Offline nonnus29

Senior Devvie




Giving Java a second chance after ludumdare fiasco


« Reply #9 - Posted 2004-08-04 21:51:42 »

Quote
I'm still tempted by .NET just because of that x-lang development. Just think of all the time you'd save not having to write your own scripting languages!


There is even a Cobol.net iirc.  It would be cool if you could access the java gui tookits from scheme/lisp/pascal/basic/whateverlanguage that targeted the jvm.

I guess in reality jython, rhino, beanshell, and groovy do this by letting the user create instances of java classes.

To me the abundance of languages, tools, and libs available to application developers is bewildering.
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Offline Thinking

Senior Newbie




Java games rock!


« Reply #10 - Posted 2004-08-05 04:45:23 »

Why doesn't sun do the same thing and create a BASIC like language for the java platform, it could be almost exactly like java, except for different syntax. The source files could be compiled into java bytecodes. And It might even attract a large amount of new programmers to the java platform, which would be very good for sun. If they learn the java platform, they can more easily learn the java programming language.
Offline erikd

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« Reply #11 - Posted 2004-08-05 06:43:54 »

Quote
Why doesn't sun do the same thing and create a BASIC like language for the java platform, it could be almost exactly like java, except for different syntax.


So why bother?

Although neat, I think the usability of the cross language thing of .NET is a bit exaggerated. VB.NET, C#, J#, Delphi.NET, all those languages are pretty much the same, except for syntax.
When you have a team of developers, all of them developing in different languages is more like a burden than an accomplishment.
There are different languages for the JVM too (although admittedly, most of them are not really mature), yet nobody uses them and simply go for java. Why would you think that is? Why is almost nobody developing in JPython on the JVM?
My bet is that those languages are not marketed while the fact that .NET supports multiple languages is touted as one the great benefits of .NET. Other than that, I see no important technical reason.
And let's not forget that MS just *had* to support multiple languages for .NET because they didn't want to alienate all VB programmers out there for example (which they did anyway; VB.NET is a different language than VB, they only cleverly named them the same).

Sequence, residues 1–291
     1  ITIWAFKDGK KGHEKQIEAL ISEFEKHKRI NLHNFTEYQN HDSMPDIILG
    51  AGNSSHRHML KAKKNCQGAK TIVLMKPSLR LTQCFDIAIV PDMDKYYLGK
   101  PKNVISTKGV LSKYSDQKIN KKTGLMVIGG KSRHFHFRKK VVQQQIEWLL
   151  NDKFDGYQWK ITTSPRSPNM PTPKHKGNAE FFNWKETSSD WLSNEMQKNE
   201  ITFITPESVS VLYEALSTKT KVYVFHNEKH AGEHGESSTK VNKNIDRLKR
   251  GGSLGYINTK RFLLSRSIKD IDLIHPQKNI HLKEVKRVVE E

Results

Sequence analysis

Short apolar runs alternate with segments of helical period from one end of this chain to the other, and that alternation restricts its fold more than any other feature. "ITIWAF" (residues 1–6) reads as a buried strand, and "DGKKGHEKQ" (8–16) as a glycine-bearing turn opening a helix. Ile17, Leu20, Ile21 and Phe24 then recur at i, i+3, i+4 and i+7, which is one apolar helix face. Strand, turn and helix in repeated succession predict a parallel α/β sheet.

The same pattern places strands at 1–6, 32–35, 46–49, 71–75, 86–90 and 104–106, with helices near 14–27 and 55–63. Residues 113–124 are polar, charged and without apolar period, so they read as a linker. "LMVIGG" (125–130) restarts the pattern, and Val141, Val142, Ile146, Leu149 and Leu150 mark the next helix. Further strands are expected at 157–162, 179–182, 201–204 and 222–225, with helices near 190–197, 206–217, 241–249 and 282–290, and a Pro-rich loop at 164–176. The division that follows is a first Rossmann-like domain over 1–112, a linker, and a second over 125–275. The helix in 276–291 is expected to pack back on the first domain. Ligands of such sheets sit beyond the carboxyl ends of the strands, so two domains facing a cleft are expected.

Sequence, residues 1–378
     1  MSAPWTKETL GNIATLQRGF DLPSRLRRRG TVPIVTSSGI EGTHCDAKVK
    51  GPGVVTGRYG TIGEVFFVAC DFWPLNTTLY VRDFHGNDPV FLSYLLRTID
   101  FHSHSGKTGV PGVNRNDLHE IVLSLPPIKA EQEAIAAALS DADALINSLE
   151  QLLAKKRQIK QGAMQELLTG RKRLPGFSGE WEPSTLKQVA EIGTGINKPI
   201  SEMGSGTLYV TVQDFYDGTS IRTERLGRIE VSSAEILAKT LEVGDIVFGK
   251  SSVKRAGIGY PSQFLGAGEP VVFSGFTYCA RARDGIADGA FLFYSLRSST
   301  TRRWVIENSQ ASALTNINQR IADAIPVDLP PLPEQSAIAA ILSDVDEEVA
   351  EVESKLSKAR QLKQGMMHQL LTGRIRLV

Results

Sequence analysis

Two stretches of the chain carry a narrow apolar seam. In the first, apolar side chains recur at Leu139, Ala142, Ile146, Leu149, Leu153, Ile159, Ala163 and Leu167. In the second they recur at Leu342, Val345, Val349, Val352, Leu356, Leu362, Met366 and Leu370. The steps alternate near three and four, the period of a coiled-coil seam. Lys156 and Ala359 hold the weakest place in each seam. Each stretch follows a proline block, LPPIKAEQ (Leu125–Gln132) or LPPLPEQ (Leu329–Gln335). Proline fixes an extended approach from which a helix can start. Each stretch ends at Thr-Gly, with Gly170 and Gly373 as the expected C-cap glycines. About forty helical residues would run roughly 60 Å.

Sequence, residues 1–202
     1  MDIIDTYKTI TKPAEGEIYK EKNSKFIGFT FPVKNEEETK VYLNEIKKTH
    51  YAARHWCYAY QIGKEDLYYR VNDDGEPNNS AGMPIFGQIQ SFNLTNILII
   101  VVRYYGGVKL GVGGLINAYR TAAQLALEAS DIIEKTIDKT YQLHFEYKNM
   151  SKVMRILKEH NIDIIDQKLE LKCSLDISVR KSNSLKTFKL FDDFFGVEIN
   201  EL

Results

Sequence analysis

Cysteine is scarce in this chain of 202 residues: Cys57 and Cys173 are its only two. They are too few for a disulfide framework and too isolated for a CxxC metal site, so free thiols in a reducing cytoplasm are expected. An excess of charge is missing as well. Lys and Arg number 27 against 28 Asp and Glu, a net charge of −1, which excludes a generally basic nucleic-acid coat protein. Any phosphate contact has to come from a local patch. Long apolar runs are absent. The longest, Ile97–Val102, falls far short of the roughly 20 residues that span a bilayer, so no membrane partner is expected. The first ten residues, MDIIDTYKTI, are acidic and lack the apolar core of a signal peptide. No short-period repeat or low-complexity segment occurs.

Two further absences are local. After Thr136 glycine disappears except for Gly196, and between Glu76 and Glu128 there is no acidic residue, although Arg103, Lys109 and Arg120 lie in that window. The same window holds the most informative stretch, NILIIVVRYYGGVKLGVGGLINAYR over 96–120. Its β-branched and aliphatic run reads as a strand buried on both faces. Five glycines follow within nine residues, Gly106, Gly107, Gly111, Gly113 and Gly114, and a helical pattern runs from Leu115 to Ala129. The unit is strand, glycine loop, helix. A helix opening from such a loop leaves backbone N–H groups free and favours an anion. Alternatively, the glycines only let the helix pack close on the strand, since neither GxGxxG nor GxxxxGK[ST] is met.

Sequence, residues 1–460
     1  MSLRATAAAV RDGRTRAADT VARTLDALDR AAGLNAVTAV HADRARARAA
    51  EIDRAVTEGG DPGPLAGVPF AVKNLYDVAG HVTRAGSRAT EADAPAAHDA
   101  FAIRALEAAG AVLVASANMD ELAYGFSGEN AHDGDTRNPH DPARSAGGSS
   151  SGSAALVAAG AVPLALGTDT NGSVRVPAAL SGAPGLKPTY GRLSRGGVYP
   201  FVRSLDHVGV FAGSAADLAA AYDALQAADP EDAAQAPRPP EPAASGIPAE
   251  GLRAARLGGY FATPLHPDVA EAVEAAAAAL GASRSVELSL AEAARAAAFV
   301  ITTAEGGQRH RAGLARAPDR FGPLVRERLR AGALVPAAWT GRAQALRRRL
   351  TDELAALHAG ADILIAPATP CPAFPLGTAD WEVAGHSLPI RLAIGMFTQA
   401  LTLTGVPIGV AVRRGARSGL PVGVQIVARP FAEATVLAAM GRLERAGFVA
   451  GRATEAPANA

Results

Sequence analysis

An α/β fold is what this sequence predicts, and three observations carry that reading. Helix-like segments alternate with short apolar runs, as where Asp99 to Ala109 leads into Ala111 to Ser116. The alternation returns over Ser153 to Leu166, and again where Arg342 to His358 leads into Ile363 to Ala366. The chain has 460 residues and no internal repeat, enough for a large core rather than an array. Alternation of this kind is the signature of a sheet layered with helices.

For example, Sun developing a C# compiler for the JVM would be mostly a marketing trick IMHO.

Offline blahblahblahh

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« Reply #12 - Posted 2004-08-05 06:49:48 »

Quote
Why doesn't sun do the same thing and create a BASIC like language for the java platform


<rant>
Because Sun is a company that has never been able to show much vision or leadership for java - so much so that when I started java development, IBM had more people working on java in my UK lab than Sun did worldwide, and Sun didn't seem to care - Sun was still treating it like a skunkworks project, whilst IBM was going "Hey, this is REALLY powerful - stop ****ing about and do something BIG with this!". Can anyone remember Sun spending big money on anything since the Network Computer (which blew up in their faces)?

Sun has more than $6 billion (cash!) in the bank but won't spend it. Why? (seriously, I'd like to know). Obviously, you don't leave the cupboard bare, but you have to speculate to accumulate...

And then you look at how extra much money they could make out of a mere million dollars more thrown at java game development, and sometimes you just want to cry...it's so depressing being tied to a platform when the platform vendor (as an organization) lacks the vision/leadership/willpower/manpower to push it at more than a mediocre pace. e.g. why the heck is the number of engineers working on java so low at Sun? Why is it currently taking > 9 weeks to even review bug reports? Because they're not spending anywhere near enough cash on java? 3 years ago all I kept hearing on the corporate grapevine was how many more senior Sun staff were quitting the company, fed up for one reason or another Sad. What about the engineers whose brilliant hard work is slowly being eroded by MS?

Contrast with MS: they have plenty of staff who SUCK at their jobs, yet their executives at least understand how to commit to a technology, and what *their* role is - so even though the people on the ground appear to be less smart than their counterparts at Sun, their product in the long run is likely to do better.